A gloomy winter
Three things to watch in 2023.
Inflation and the Federal Reserve’s response While inflation has probably peaked, it remains elevated and is unlikely to hit the Fed’s 2% target before the end of 2024. At its policy-setting meeting on Dec. 14, the Fed slowed the pace of rate hikes to a half-point increase (after four consecutive 75 basis-point hikes), which took the fed funds range up to a 15-year high of 4.25-4.50%. In their latest SEP, policymakers forecast they will raise the range to 5-5.25% by mid-2023 and hold rates there until 2024. They also project that in 2023 GDP growth will slow to 0.5% and the unemployment rate will increase to 4.6%.
Corporate earnings disappointments could push stocks lower Last June, FactSet expected fourth quarter S&P 500 earnings to grow 10% on a year-over-year (y/y) basis. But today, those estimates have shrunk to a y/y decline of 2.4% due to elevated inflation, rising interest rates and slimmer profit margins. When companies begin to report these results in mid-January, we expect cautious management guidance due to the risk of recession and rising labor, commodity, transportation and warehousing costs. So in November, we reduced our outlook for earnings in 2023 from $230 to $200 and from $250 to $220 in 2024. EPS in 2021 was $209, and our forecast for 2022 was $220. In early July, the consensus was for 2023 earnings to reach $250, but that projection has since declined to $234.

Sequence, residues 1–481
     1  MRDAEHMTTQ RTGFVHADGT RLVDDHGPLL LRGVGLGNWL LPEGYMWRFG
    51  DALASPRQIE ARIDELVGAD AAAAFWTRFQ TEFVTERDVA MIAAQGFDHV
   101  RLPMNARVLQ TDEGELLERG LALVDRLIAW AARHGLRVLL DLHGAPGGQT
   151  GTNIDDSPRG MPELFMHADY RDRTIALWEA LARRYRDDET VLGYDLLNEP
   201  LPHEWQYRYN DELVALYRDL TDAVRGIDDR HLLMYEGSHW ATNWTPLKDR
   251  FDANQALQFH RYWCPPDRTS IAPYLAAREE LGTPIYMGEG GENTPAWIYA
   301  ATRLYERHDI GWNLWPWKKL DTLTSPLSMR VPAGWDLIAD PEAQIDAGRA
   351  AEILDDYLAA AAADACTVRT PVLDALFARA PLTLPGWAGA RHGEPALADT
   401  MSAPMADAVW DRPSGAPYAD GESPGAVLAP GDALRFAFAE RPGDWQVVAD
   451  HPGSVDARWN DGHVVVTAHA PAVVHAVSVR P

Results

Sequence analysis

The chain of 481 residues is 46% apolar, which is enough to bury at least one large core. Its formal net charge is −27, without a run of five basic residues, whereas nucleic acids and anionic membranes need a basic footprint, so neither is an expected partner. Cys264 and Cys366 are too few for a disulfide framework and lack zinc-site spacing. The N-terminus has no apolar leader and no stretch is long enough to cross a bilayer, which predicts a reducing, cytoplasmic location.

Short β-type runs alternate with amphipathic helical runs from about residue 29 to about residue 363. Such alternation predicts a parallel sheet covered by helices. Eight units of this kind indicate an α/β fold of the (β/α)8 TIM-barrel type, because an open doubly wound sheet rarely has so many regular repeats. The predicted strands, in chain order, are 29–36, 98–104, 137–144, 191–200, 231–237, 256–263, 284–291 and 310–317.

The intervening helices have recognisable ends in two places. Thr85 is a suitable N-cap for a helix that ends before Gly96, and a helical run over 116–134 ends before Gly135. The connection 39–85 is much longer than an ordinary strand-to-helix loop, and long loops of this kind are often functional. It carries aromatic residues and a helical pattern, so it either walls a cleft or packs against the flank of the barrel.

Keep the defense on the field 2022 was a difficult slog for equity investors, with the S&P plunging 27.5% from its beginning to Oct. 13. Stocks then staged a midterm election rally over the ensuing two months to Dec. 13, surging 17.5%. We do not believe this rally is sustainable. If earnings do decline because of slowing economic growth and slimmer profit margins and P/E’s contract due to elevated inflation and higher interest rates, stock prices could retest their mid-October low of 3,500—or perhaps lower. We continue to emphasize “stable demand” equity-market categories, such as energy, health care, consumer staples and utilities. These tend to have lower P/E ratios, less risky beta profiles and higher dividend-yield support.